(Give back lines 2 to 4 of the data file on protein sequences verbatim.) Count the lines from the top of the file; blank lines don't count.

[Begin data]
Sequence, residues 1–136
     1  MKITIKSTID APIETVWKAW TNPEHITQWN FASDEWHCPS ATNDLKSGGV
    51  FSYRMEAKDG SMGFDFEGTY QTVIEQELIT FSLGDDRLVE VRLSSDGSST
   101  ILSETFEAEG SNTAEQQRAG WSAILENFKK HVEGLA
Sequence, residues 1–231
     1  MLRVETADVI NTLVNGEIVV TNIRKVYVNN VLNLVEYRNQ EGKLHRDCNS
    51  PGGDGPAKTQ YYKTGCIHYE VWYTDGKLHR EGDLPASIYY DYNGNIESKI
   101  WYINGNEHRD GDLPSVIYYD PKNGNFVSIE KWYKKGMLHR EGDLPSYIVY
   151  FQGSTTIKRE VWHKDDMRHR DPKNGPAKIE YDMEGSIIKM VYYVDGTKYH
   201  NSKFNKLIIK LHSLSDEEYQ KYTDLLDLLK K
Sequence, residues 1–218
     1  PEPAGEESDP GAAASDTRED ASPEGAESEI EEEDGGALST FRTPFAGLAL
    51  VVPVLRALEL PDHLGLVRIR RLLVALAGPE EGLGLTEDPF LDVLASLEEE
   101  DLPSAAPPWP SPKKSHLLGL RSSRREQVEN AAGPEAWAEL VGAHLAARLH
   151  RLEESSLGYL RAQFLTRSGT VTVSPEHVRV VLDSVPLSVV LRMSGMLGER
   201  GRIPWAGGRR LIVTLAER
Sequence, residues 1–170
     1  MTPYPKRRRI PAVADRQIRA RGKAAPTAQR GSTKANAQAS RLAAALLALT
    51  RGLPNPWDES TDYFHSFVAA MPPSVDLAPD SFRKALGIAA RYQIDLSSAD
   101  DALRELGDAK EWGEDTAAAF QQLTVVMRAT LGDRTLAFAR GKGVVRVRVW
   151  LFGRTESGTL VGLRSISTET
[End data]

     1  MKITIKSTID APIETVWKAW TNPEHITQWN FASDEWHCPS ATNDLKSGGV
    51  FSYRMEAKDG SMGFDFEGTY QTVIEQELIT FSLGDDRLVE VRLSSDGSST
   101  ILSETFEAEG SNTAEQQRAG WSAILENFKK HVEGLA